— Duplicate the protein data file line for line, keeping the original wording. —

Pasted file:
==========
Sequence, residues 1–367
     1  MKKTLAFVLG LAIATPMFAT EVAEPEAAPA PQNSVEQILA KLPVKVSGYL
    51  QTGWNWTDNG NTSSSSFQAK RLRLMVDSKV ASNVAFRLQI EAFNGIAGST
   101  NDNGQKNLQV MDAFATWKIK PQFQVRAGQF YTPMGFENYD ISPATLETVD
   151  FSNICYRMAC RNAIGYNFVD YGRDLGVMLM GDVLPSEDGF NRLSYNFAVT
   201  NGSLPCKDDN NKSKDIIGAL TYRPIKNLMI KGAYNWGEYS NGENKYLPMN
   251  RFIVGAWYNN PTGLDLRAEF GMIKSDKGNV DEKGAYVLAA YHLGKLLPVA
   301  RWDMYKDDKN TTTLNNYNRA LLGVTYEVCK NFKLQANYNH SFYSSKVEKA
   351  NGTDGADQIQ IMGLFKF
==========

Sequence, residues 1–367
     1  MKKTLAFVLG LAIATPMFAT EVAEPEAAPA PQNSVEQILA KLPVKVSGYL
    51  QTGWNWTDNG NTSSSSFQAK RLRLMVDSKV ASNVAFRLQI EAFNGIAGST
   101  NDNGQKNLQV MDAFATWKIK PQFQVRAGQF YTPMGFENYD ISPATLETVD
   151  FSNICYRMAC RNAIGYNFVD YGRDLGVMLM GDVLPSEDGF NRLSYNFAVT
   201  NGSLPCKDDN NKSKDIIGAL TYRPIKNLMI KGAYNWGEYS NGENKYLPMN
   251  RFIVGAWYNN PTGLDLRAEF GMIKSDKGNV DEKGAYVLAA YHLGKLLPVA
   301  RWDMYKDDKN TTTLNNYNRA LLGVTYEVCK NFKLQANYNH SFYSSKVEKA
   351  NGTDGADQIQ IMGLFKF